Content-wise, I think it’s best to keep for older readers: there’s some mature topics, but nothing obscene. I would say 15 and up to ensure comprehension and appropriateness all around. I’m better safe than sorry and I always err on the side of caution. Make sure the reader is accelerated or quite able to handle the POV shifts and the tense itself. If you have a teen that loves retellings, I would encourage Spindle Fire…but I would stick with teens.

End Result:

You would think after all that talk of tenses that I would rate this book lower…

I just can’t. Though I’m never a fan of third person present tense, I got used to it. The story was worth it. There’s so much going on and there are so many questions I still have…I can’t get the characters or the book out of my head. I haven’t been able to choose something new because I have a literal book hangover. I want to know what happens next! I need to know more about what’s going on! We are left at the end with a pivot point, ready to change the direction of the story, and I am left screaming, “WHAT HAPPENS NOW???”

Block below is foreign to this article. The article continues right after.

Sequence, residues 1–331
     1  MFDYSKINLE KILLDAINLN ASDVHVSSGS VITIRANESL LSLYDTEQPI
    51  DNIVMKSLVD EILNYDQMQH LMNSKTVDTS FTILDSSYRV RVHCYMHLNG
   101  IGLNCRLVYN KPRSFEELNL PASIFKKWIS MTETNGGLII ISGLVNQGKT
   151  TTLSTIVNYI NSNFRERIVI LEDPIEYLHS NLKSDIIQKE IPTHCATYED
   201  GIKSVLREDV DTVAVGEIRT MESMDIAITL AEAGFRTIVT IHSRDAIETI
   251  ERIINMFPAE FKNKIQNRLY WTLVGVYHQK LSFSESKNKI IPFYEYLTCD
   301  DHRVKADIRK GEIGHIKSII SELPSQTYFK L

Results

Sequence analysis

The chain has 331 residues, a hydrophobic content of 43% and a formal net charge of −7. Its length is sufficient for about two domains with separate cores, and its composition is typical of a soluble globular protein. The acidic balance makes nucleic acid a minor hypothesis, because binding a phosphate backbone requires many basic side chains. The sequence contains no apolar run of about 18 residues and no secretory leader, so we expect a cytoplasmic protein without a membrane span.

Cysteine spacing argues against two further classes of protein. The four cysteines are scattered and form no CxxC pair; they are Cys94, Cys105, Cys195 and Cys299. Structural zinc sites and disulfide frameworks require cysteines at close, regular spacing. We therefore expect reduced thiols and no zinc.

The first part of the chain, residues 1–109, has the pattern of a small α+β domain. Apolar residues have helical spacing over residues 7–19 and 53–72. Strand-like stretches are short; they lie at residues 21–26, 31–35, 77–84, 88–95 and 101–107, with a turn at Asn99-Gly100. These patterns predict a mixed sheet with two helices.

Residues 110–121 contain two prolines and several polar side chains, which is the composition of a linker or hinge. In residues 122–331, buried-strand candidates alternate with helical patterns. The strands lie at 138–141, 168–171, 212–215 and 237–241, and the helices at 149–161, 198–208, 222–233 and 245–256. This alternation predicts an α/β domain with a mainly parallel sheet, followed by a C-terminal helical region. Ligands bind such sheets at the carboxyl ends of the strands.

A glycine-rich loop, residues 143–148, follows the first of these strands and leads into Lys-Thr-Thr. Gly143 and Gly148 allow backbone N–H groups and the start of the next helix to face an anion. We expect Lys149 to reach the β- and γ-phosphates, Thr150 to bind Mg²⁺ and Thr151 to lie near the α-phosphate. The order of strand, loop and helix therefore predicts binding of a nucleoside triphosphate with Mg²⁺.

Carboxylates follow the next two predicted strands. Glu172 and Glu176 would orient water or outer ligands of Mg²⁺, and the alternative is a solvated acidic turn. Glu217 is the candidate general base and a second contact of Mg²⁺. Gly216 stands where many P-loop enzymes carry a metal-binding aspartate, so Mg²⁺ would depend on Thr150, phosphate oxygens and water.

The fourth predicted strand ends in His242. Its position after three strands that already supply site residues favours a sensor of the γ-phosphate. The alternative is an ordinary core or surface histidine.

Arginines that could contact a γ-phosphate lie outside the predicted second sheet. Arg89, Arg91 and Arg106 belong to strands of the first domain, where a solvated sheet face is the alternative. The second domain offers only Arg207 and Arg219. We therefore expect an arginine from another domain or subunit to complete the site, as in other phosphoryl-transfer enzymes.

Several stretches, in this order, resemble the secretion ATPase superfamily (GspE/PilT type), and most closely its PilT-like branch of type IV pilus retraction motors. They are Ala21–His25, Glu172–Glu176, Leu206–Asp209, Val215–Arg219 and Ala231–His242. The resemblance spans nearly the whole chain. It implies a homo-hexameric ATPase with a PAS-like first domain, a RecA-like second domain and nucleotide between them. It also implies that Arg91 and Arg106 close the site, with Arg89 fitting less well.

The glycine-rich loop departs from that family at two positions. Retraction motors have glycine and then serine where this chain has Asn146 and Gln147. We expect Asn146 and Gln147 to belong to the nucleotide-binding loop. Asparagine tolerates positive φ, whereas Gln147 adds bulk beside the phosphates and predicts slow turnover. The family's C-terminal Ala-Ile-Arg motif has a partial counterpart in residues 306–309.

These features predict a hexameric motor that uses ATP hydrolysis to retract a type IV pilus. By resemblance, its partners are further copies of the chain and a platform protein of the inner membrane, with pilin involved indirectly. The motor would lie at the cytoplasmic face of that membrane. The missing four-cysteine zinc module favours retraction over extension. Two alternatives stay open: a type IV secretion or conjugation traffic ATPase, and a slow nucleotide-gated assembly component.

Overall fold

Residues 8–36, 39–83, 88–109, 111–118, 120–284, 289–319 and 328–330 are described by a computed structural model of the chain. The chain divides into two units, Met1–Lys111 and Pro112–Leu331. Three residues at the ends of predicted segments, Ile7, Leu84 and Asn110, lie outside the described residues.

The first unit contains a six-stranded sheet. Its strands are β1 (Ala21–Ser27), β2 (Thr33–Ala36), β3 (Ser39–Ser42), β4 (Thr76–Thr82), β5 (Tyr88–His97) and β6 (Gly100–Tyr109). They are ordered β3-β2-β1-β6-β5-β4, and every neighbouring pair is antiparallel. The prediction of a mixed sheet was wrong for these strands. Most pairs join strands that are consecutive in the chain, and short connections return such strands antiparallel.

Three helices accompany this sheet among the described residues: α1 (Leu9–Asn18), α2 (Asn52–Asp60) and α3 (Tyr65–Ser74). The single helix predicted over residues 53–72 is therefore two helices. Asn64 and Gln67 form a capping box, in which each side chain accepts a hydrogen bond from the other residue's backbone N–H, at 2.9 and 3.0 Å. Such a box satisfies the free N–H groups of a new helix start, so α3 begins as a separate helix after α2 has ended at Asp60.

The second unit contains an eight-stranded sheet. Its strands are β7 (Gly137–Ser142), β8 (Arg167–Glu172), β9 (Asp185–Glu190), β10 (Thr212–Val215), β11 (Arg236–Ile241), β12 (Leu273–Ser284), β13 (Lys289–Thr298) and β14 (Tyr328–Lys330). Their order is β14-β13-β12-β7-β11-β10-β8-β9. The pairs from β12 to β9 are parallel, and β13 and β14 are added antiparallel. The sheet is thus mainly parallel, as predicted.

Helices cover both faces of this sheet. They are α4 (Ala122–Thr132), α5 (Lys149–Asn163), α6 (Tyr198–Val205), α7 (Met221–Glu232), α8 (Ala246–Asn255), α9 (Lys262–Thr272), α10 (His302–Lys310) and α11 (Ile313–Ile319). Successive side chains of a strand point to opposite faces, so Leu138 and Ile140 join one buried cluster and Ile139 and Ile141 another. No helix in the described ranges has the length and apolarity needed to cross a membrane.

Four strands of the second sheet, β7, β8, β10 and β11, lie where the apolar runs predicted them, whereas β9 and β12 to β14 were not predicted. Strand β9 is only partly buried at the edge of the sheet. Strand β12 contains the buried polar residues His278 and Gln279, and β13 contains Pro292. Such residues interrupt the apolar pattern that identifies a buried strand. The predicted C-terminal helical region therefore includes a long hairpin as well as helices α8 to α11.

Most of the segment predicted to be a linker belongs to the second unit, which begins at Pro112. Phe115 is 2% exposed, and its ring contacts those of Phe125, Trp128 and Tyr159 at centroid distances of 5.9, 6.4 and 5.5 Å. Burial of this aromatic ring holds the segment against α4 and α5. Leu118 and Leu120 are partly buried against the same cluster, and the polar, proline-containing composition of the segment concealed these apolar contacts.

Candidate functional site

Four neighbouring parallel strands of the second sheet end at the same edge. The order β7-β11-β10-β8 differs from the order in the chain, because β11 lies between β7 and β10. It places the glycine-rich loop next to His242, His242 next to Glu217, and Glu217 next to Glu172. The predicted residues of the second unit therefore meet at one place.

Whenever that happens, I have to give the book ★★★★★. Or, in my own rating scale:

Now I know I’m actually in the minority on this. I’ve seen the Goodreads ratings for this book. Some have to do with the tense and some have to do with the POV shifts. Though I wasn’t a fan of the tense, I liked the POV shifts. Didn’t think I would, but I did. The story was unique and eloquent and I loved it…after my brain adjusted to the tense. If you’re impatient, this might not be the book for you. Read the other reviews and get a full picture. 

I, on one hand, loved it, but I don’t want to tell you how awesome it is and have you Curse my name to the heavens. Don’t want that at all.

Please don’t hate me if you don’t like it. Please?